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Bee Baxter Meyer


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Roger N. Meyer "...of a different mind "
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     I burst onto the disability  advocacy scene as a special education student and parent advocate.  Since I'm now  neither one nor the other, as my attention has shifted to adult issues and away from concerns that obviously were driven by painful recollections of my own childhood education, so my more recent appearances as an advocate have translated -- quite naturally -- into transition from K-12, and adult education.  I often characterize education of disabled adults as a type of special education, often dragged down with the low expectations and stereotypical thinking of K-12 special education as an industry.


     This is especially true of the agencies and institutions identified with adult make-overs.  Vocational Rehabilitation is one such institution.  So are two and four year community and junior colleges.  So, also, are universities and college that specialize in "life credit" and other means of offering career-changing or different-career-entering adults an easier entre to their futures as mature adults.


     The latter types of post-secondary education providers actually do provide the best bang for your buck.  Few savvy adults relish having their time, or their money or others' money wasted on poor instruction, directions out the door to dead end or non-existent jobs, or a bleak future life populated with "just disabled folks" no matter with whom or where they end up.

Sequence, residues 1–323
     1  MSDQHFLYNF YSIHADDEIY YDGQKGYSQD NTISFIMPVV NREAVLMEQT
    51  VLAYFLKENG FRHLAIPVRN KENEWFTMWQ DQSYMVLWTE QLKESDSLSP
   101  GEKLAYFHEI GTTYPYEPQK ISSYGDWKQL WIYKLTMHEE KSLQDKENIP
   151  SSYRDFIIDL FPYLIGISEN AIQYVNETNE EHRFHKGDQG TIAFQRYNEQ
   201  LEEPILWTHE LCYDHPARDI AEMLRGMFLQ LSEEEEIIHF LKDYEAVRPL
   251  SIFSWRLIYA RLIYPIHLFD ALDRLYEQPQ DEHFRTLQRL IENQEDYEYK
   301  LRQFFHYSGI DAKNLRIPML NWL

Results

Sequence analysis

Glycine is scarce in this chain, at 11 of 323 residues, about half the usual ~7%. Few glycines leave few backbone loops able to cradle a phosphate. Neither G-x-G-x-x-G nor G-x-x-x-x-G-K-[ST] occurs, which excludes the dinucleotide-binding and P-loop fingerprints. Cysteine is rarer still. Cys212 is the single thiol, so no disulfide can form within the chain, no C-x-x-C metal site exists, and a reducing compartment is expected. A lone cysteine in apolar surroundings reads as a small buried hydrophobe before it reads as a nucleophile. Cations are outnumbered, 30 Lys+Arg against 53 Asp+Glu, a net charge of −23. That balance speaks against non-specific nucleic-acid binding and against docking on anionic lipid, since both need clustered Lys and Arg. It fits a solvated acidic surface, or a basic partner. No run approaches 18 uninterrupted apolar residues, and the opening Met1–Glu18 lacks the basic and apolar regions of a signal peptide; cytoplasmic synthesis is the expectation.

One's life-changing education needn't take place between the walls of a formal educational institution.  Often, on-the-job training, and meaningful apprenticeships, including professionally mentored ones, are far more suitable for Asperger Syndrome individuals than traditional herd and business model educational institutions.  As time permits, I'll be adding articles on non-traditional training and education for the non-traditionalists among us.


     One thing I will not discuss here until I get much older is "continuing adult education," a term often used for individuals in retirement.  I'm not quite there yet.


     Each title below is a link to the article.  Double click anywhere on the title to read the article.


Being Businesslike at the IEP Meeting

Flunking the Fifth Grade -- What's Going On Here?

For Disabled Students -- The Vocational or the Academic Track?


  For the Record


 How to Shop for an Adoptee Legislator


  Monkey Zoo Doo


 Steps to be Followed in the IEP Process


 Tape Recording Techniques and the Politics of Building a Record

  The Art of Citizen Lobbying

  The Attraction of Junior and Community Colleges




  Transition to Adult Independence -- Money Management

  Travel Training and Natural Supports



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